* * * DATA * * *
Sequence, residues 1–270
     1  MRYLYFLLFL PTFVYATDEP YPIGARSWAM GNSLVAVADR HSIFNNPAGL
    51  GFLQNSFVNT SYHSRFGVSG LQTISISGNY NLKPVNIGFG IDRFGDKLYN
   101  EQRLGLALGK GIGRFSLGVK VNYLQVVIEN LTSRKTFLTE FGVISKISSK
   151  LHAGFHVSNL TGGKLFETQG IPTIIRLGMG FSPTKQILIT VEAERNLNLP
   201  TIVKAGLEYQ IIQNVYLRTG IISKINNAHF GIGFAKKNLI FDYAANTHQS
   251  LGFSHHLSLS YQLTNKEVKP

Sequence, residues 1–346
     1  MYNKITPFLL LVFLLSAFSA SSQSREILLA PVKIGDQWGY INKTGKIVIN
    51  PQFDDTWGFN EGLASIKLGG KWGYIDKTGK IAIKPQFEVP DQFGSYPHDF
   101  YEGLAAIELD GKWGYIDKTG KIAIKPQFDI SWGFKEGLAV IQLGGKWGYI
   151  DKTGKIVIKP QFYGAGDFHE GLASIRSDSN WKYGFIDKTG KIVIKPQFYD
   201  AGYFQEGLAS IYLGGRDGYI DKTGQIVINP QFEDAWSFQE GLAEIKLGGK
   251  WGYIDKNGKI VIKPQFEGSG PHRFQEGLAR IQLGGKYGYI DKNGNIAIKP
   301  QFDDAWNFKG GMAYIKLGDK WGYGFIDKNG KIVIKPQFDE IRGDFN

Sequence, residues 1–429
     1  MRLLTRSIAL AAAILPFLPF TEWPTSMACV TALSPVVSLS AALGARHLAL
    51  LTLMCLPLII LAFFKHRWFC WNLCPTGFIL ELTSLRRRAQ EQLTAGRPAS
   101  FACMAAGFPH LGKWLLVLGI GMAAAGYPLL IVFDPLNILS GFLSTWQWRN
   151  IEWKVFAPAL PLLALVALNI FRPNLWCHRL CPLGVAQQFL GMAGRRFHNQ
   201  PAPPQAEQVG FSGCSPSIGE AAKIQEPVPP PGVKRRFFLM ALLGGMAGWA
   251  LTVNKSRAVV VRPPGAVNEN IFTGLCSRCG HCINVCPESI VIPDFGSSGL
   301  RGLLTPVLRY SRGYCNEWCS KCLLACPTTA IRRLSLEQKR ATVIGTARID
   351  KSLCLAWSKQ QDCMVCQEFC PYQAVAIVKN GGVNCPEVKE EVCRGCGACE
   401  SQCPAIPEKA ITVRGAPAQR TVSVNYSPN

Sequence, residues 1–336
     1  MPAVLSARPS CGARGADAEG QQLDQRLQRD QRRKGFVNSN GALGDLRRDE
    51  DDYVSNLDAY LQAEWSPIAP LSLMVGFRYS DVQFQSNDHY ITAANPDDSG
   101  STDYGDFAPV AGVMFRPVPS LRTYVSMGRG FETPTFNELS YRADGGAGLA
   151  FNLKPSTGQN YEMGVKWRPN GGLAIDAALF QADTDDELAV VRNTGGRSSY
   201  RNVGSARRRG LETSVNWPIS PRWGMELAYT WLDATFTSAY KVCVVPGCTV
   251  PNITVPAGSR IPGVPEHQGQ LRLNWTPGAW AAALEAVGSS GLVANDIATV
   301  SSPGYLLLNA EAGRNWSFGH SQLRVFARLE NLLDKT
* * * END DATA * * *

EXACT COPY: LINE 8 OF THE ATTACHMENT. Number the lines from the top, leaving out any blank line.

Sequence, residues 1–346